Most communities have jargon. Buried within that jargon are all the biases, beliefs and worldview that are held by that community. (This can be referred to as a paradigm.)

The web analytics community is no exception.

The terms ‘analytics’, ‘optimization’, ‘engagement’, ‘unique’, ‘pageviews’, ‘funnel’, ‘A/B Test Split Test’, ‘personalization’, and ‘filter’ all have their own baggage that anybody outside the community might not fully understand.

Sometimes people get into disagreements over definitions in an effort to gain specificity. These activities are really quite important. An outsider might be mystified by why such disagreements become so heated. That’s because sometimes the real fight is over the paradigm or some feature of the paradigm.

(For instance, the fighting over the term ‘unique’ was much more about the tension between accuracy and understandability.)

These shifts are indicative learning. I’m finally backed up on this whole hypothesis that language and learning are inextricably linked by Bickerton, 1995.

For instance: Google and Web Analytics. Let’s set aside the disruptiveness of FREE for now (besides, it isn’t free, because time has a cost), and turn to some of the new words.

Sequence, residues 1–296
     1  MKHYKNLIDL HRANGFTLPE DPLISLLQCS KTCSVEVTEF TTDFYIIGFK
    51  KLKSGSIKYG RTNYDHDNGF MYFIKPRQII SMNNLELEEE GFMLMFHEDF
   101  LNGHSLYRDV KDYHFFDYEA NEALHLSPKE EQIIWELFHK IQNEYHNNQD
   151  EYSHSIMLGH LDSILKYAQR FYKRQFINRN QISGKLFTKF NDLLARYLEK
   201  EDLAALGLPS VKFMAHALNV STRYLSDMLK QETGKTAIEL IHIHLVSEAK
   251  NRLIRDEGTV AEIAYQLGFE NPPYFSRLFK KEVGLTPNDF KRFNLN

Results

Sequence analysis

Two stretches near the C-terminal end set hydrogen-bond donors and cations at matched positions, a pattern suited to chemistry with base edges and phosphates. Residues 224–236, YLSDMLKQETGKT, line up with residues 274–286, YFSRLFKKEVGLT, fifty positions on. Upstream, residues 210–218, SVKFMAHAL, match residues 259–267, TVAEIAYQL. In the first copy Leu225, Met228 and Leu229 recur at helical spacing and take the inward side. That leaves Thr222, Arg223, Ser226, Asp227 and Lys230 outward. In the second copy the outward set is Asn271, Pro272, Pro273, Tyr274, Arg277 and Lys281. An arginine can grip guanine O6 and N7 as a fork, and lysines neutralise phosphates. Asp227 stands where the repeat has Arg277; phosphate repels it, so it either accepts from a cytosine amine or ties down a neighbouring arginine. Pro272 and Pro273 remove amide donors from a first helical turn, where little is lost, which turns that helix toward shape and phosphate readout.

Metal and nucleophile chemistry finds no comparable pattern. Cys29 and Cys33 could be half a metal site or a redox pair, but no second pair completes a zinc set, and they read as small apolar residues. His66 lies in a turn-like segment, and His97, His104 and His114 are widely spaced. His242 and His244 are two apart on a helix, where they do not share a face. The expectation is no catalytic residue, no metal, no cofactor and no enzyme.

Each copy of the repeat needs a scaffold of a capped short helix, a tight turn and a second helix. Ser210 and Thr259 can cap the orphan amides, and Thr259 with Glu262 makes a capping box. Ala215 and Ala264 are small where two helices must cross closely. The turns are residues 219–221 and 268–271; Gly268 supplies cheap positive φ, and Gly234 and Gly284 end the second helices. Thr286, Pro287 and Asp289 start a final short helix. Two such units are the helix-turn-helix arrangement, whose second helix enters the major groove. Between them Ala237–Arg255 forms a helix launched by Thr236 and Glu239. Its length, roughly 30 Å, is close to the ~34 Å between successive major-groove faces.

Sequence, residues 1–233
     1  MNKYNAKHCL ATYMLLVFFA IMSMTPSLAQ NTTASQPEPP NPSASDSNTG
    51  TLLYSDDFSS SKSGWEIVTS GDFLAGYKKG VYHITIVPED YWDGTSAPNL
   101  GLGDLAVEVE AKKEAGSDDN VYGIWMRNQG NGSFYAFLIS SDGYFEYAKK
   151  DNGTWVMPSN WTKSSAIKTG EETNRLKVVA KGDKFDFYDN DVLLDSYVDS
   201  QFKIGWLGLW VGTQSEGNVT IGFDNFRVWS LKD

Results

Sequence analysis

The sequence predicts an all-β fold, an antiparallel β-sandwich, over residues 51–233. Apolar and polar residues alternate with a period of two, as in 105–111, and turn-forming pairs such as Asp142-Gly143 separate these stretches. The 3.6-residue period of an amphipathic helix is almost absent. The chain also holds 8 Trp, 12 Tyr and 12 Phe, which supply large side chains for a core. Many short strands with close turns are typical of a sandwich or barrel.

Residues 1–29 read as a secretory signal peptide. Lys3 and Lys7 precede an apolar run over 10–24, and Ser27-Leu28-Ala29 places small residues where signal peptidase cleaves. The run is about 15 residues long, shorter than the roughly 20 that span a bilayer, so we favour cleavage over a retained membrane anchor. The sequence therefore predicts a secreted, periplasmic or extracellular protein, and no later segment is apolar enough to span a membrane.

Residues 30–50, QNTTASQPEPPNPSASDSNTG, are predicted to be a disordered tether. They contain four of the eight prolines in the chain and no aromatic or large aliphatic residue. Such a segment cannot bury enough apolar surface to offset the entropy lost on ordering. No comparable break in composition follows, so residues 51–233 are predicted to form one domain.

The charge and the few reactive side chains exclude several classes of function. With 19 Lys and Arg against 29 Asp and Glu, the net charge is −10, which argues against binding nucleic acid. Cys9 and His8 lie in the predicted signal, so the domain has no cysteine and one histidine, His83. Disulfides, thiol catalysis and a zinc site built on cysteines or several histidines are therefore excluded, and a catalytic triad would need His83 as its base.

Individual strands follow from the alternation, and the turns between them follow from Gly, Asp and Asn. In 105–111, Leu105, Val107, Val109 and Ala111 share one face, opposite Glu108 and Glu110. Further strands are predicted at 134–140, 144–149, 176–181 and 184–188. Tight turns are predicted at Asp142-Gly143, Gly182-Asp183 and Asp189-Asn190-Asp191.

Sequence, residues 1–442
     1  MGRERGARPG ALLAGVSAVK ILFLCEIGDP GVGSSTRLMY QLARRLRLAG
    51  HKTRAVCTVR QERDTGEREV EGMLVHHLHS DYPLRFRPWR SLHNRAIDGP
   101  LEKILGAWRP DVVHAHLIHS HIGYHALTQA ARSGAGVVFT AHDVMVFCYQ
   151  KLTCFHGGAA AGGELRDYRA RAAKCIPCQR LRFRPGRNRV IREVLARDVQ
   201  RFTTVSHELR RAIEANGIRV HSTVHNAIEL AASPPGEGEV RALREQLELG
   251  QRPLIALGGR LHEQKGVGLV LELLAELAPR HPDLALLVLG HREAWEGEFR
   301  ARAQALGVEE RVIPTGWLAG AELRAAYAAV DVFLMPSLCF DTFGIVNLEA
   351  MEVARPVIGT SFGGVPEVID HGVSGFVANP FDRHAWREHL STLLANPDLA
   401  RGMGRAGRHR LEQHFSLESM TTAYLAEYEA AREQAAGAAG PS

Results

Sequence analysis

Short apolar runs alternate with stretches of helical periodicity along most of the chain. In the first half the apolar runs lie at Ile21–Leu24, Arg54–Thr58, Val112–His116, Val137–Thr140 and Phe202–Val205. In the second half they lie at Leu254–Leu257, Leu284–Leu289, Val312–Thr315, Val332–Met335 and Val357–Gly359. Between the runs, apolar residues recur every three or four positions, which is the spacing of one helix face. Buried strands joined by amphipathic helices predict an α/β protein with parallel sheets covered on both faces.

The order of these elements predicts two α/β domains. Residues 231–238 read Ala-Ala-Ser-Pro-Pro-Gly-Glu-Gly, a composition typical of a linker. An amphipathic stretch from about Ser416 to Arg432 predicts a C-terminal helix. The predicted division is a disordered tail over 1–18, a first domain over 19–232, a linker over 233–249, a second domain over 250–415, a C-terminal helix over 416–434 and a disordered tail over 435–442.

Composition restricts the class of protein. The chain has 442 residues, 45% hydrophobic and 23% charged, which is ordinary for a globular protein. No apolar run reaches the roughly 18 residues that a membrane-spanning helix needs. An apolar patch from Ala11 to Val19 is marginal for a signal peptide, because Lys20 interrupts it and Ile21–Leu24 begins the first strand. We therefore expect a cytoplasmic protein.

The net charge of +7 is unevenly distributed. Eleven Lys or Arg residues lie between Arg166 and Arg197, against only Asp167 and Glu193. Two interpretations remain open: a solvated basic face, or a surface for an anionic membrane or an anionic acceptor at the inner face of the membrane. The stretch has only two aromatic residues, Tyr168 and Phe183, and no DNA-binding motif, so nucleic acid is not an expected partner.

“Filter” is one of them. It’s about three years old now and is really just a proxy for the word ‘dimension’, which is a data warehousing / data modeling term. Now we use the term ‘custom segment’ instead.

Two new terms: “possible causal factor” and “statistically significant”, have been recently introduced. I welcome the additions to the Google Analytics product.

Usually I need to export a large amount of data out of tools like Google, reformat them, and then load them into SPSS to look for ‘possible causal factors’ that are ‘statistically significant’.

Now Google promises to democratize that process for all those who don’t have SPSS, or know how to use such tools.

There’s going to be a learning cycle where somebody will have to explain the difference between sampling error and Types I and II error and between confidence interval and confidence level. If we’re indeed merging with the Business Intelligence and Data Mining communities – we’ll need to learn a harmonized language. It might as well be the right language.

The process of how this community will learn will be contentious and heavily based in definitions.

We can be fairly certain that some vendor will try relabel a word like ‘confidence’ in an effort to get first mover status. Somebody will mislabel the word ‘correlation’ for ‘causality’. And I’m fairly certain that we’re going to spend two or three years undoing the damage.

This is basically how communities learn. Through jargon and discussion about what the underlining terms mean.